“Our goal is to encourage healthy environments (and improve the appearance of our community) with sustainable landscaping and gardening, green waste reduction and water conservation,” said Roger Duncan, UCCE county director.

Since the UC Master Gardener program's inception, more than 5 million hours of volunteer service have been donated.

Gardening enthusiasts may apply for the first round of training until Sept. 28. Weekly training sessions will be from Jan. 30 to June 5, 2019. Tuition is $180. After certification, Master Gardeners volunteer 50 hours of service in the first 12 months, then 25 hours per year after that.

The training will be held in Stockton this year, along with UC Cooperative Extension in San Joaquin County.

"They are joining our regular training to help get their program up and running," said Marcy Sousa, the UC Master Gardener program coordinator in San Joaquin County.

The volunteers do not need to start out with detailed knowledge of gardening, said Kari Arnold, the UCCE farm advisor overseeing the program. That will come from experts tapping into university research on the various topics.

For more information and to apply, visit the Stanislaus County Master Gardeners website.

UC Master Gardener program, launched in California in 1981, now serves more than 50 California counties with 6,116 actives volunteers. 

Posted on Monday, September 17, 2018 at 10:13 AM

Open Farm paves the way for technology adaptation in agriculture

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The Third Annual Open Farm comes to the UC Kearney Agricultural Research and Extension Center in Parlier Oct. 3. Open Farm is a gathering hosted each year by the farming community to connect technology vendors, academics and growers to accelerate the digital transformation of the food and agriculture sector.

The meeting runs from 8:30 a.m. to 1:30 p.m. Registration is free for growers and government employees; $20 for representatives of power and water utilities; and $40 for vendors. Register on the Eventbrite webpage. (https://www.eventbrite.com/e/3rd-annual-open-farm-tickets-48793567875) Continuing education credits will be offered.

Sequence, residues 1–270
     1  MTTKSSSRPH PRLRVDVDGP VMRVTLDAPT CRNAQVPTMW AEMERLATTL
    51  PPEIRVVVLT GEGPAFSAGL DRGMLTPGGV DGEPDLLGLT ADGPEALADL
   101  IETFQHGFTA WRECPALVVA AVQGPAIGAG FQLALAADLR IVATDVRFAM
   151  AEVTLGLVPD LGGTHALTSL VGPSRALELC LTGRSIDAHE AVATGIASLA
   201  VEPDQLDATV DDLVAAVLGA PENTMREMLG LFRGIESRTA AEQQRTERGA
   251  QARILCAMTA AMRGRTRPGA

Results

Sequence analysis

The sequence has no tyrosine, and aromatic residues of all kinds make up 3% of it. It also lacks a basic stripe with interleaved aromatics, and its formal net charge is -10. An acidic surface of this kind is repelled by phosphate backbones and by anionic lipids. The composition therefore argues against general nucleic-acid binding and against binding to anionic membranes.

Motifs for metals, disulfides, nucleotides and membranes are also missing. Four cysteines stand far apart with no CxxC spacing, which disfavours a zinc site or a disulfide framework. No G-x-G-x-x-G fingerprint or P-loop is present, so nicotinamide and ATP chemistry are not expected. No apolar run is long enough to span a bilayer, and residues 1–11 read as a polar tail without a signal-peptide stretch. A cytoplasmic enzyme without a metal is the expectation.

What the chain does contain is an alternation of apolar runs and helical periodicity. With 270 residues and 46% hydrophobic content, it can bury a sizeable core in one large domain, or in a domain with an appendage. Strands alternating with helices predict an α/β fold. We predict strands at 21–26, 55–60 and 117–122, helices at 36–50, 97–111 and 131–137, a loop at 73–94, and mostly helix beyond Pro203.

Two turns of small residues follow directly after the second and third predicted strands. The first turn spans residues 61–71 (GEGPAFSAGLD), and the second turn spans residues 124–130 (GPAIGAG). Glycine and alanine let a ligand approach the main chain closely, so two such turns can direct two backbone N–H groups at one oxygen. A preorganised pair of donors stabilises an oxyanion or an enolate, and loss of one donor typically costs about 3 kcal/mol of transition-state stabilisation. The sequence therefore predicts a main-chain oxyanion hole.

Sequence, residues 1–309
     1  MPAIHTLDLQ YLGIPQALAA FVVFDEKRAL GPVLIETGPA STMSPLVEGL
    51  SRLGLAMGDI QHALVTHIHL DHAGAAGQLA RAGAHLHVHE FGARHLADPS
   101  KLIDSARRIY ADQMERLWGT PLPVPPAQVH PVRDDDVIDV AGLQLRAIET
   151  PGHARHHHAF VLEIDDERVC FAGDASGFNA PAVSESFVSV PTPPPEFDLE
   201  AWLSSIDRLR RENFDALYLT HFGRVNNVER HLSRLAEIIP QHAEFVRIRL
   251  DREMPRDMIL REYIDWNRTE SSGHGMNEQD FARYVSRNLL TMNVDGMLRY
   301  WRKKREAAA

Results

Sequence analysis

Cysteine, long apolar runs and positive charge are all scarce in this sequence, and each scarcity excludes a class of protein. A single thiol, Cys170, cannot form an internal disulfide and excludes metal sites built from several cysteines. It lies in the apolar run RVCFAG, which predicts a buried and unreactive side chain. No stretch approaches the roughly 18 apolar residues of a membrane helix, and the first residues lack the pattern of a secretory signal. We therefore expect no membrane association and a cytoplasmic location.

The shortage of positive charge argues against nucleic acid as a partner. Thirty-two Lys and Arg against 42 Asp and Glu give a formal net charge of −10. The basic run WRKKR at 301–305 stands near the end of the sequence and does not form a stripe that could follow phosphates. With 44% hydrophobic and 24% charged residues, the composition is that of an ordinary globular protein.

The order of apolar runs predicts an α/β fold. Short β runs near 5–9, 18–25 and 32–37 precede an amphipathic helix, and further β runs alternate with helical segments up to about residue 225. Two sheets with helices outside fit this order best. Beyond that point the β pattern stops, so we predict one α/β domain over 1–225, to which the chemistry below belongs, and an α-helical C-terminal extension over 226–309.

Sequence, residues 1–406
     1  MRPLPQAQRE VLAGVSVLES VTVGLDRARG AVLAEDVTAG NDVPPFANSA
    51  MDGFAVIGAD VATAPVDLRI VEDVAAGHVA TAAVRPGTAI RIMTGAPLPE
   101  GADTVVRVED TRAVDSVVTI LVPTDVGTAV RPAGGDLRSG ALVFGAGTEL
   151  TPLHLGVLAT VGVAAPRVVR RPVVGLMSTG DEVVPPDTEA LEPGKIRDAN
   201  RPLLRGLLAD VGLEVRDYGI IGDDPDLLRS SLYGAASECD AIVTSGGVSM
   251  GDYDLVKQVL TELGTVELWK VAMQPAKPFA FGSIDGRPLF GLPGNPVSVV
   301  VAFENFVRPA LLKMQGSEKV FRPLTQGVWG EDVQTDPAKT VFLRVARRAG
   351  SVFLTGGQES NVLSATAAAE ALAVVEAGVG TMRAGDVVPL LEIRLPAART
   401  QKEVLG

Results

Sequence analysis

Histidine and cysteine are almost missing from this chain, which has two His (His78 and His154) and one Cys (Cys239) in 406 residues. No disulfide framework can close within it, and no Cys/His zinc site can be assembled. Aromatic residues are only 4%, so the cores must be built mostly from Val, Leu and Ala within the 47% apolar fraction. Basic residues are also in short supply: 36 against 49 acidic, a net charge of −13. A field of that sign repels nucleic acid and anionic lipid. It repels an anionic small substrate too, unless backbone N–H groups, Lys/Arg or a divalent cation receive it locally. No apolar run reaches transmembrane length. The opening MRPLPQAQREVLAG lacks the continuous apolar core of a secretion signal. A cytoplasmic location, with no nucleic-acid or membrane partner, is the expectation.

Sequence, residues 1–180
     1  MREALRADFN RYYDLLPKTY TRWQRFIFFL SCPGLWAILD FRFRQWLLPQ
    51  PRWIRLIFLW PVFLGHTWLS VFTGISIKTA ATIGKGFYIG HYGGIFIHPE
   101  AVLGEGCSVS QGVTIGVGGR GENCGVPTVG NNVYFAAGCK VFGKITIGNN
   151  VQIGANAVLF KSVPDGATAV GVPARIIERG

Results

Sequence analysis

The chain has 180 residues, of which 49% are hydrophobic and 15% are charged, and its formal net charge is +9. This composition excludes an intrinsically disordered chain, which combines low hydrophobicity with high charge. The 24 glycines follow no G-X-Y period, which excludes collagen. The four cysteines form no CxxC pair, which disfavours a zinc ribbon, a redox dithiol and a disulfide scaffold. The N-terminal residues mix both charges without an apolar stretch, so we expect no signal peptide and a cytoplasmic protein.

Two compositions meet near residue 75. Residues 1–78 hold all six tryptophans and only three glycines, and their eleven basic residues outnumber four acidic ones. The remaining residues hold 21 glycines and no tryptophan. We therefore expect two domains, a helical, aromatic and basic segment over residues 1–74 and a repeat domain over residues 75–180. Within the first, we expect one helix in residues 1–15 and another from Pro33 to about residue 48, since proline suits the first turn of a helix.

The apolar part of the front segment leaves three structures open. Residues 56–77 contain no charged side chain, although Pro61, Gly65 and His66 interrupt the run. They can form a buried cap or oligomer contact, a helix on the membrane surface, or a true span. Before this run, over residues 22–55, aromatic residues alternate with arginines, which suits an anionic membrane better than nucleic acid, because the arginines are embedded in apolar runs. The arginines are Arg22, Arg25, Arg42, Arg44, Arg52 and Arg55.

The Kearney REC is at 9240 S. Riverbend Ave., Parlier, Calif.

Technology demonstrations like this one at the UC Kearney Agricultural Research and Extension Center will be part of Open Farm Oct. 3, 2018.

The Open Farm event features:

  • Keynote address by Glenda Humiston, vice president, UC Agriculture and Natural Resources
  • Field demonstrations of 3D mapping of research fields using drones, automation of irrigation and fertigation, and comparison of water measurement methods to prepare for the Sustainable Groundwater Management Act
  • Peer reviewed research presentations on agronomy, monitoring, robotics and data mining
  • An industry panel with growers and food processors

Open Farm 2018 sponsors and partners are:

  • UC Agriculture and Natural Resources (UC ANR)
  • The VINE, Verde Innovation Network for Entrepreneurship
  • West Hills College, Coalinga
  • California State University, Fresno
  • BlueTechValley
  • PowWow Energy
  • WiseConn Engineering
  • Pumpsight
  • Blue River Technologies
  • Bowles Farming Company

Open Farm started in 2016 at Terranova Ranch with the support of a research grant from the California Energy Commission (EPC-14-081). In 2017, the event grew to a wider gathering with peer-reviewed presentations organized by UC ANR and field demonstrations led by West Hills College. Both organizations are involved in the broadband initiative to bring better broadband services in the Central Valley.